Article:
When trudging on and on through day after day with nose to grindstone gets overwhelming, it can be heartening to lift your head and catch a glimpse of the light at the end of the tunnel. It can also be very worth your while to not only raise your gaze from your toes to gain strength from that distant light; if you look to either side you may spy another path to take that could quicken your journey or smooth some of the bumps from it. If you turn for a moment and look backward you may find encouragement from the distance you’ve already come and the obstacles you’ve already overcome. Choosing to acknowledge that there is light ahead and that you can achieve your goals enable you to insert patches of contentment, or even instances of happiness, into your daily trudging drudgery. There are some who choose to remain put upon or hopeless or to whine about their circumstances; that is their choice, we can change the way we feel by the choices we make about our attitudes; there are plenty of platitudes and clichés about this very thing – but at times we need a wake-up call to remember the choices are out there and that it is up to us to make them. Doesn’t hope trump despair?
Frustration is one the most, if not the most, aggravating feelings there is. If you let your feelings at being frustrated show you are castigated or laughed at; if you keep them inside your anger and helplessness escalate. You may feel you can’t ask for help if the task seems easy and others are watching; you can’t let it go for the same reason. Being frustrated is a strong, private thing that just happens to usually be very public, which means that we can have a difficult time restraining our emotions even though they tend to run extremely strongly. No one likes to feel incompetent or thwarted. What we can do is to step back, relax our shoulders, and take a deep breath, meanwhile ignoring, not even looking at what has frustrated us. If we step back we may be able to see the situation in a whole new light and either see a solution or be able to let it go. Whatever it is, it is not worth wasting time better spent more productively. Once we’ve stepped back and gotten a wider perception of what is transpiring, we may choose to direct our efforts toward something that is more suited to our abilities. Why keep on trying to do something we are clearly not suited for?
Sometimes we shake our heads and look around and wonder how happened to get where we are. Sometimes this is fine: we’ve had a chance to turn off our brains, relax, and drift with the flow, secure that we have no worries at the moment and won’t have them when we arrive wherever we’ve drifted either. We may even make some contacts that we will want to keep up with when we return to the regular rhythm of our days and that may become friends. However, although we may become relaxed, and lax, about our thinking and feeling, we cannot do so to the detriment of our usual lives; inevitably our usual lives are connected in one way or another with others’ lives; inevitably we must clothe and feed ourselves, and our family, if we have one. We must remain responsible for ourselves and our livelihood. So, while we must let go, drift, and unwind for a while; we must also hold on, stay on course, and wind up as well. The challenge is to maintain a balance between the two, to be able to recognize when drifting is called for and when buckling down becomes the priority. Do you think you have a handle on that balance?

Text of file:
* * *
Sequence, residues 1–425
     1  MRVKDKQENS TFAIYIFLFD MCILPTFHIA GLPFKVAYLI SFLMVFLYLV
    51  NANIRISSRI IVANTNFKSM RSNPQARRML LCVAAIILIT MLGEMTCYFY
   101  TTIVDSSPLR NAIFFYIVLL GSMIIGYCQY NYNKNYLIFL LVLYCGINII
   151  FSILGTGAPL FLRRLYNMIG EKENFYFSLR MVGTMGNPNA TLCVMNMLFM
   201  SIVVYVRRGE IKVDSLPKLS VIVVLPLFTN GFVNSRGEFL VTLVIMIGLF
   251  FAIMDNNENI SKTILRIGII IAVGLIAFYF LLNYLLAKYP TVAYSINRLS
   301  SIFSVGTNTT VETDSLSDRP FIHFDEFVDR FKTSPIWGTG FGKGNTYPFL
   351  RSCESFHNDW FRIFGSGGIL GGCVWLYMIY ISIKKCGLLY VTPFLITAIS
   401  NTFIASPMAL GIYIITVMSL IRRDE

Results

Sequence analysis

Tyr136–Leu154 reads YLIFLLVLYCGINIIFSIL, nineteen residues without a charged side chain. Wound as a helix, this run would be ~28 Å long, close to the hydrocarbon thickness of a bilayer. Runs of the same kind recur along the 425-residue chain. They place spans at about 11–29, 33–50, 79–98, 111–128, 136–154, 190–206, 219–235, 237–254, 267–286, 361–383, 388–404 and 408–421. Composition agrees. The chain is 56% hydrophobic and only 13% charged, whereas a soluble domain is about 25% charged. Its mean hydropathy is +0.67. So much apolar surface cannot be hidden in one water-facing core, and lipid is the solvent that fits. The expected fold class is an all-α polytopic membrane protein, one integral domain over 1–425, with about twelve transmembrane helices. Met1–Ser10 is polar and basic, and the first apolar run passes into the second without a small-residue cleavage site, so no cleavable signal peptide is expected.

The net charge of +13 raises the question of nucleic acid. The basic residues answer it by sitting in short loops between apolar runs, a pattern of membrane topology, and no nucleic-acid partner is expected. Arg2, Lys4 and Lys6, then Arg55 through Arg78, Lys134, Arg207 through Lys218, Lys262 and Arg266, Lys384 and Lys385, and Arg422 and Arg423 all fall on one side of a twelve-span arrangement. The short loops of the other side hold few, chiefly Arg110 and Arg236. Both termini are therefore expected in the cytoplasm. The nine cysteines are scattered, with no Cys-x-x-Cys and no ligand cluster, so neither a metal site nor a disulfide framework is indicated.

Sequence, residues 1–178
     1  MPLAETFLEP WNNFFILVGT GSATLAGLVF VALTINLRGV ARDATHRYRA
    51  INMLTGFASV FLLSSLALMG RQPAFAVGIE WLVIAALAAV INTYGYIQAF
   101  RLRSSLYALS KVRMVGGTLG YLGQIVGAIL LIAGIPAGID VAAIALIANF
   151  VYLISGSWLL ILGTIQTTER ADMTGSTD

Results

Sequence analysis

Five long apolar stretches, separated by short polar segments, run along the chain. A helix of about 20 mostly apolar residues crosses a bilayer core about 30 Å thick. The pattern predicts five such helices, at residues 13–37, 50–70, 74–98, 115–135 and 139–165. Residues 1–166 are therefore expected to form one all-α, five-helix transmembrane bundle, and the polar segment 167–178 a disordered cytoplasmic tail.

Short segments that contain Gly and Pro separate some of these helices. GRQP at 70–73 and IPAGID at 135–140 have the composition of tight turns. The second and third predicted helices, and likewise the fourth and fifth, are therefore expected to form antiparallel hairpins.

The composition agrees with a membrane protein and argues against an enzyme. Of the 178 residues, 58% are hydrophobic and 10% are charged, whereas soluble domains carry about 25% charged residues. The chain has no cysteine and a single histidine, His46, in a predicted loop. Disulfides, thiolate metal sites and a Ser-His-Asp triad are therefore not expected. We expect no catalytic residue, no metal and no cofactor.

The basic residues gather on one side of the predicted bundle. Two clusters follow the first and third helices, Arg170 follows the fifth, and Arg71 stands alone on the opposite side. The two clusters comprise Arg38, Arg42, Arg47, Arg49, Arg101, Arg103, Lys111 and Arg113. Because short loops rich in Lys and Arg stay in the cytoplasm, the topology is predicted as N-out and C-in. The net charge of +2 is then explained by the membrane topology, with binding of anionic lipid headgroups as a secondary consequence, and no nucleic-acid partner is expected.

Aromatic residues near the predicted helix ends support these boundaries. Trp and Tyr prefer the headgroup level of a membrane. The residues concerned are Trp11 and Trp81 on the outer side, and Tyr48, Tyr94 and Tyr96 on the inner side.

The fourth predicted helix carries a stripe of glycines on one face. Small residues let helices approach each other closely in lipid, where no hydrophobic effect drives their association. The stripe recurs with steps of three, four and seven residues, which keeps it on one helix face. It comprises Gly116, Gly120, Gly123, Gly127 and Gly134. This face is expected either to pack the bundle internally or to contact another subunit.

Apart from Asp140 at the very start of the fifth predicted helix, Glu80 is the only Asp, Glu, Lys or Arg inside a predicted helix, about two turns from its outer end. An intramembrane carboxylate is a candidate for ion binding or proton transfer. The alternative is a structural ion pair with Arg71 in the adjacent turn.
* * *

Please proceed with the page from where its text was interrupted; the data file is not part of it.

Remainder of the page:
Since we are alive we must always be in motion one way or another, even when we sleep. Unless we try to keep track of all our physical movements and our thoughts and dreams all the time, an impossible task, we will generate unintended consequences. In fact, most of the consequences that result from our actions are unintended, and mostly go unnoticed by us, though perhaps not by others. The majority of these occurrences do not immediately, or will not, cause harm. Oddly enough, those consequences that are thought about most, and even carefully planned, are the ones that cause most damage because we cannot know how every little things can and connect with or react to every other little thing, thus our good intentions fail and can bring about negative or dire consequences that require more fixing than maintenance of the planned improvement; or cannot be fixed at all. You may want to choose to do nothing, even though you are filled with good intentions, when you really don’t know enough about the situation to attempt to change it. And you may want to think carefully instead reacting blindly to situations that have aroused your joy or fury. Haven’t we all done things with unexpected, positive or negative, outcomes?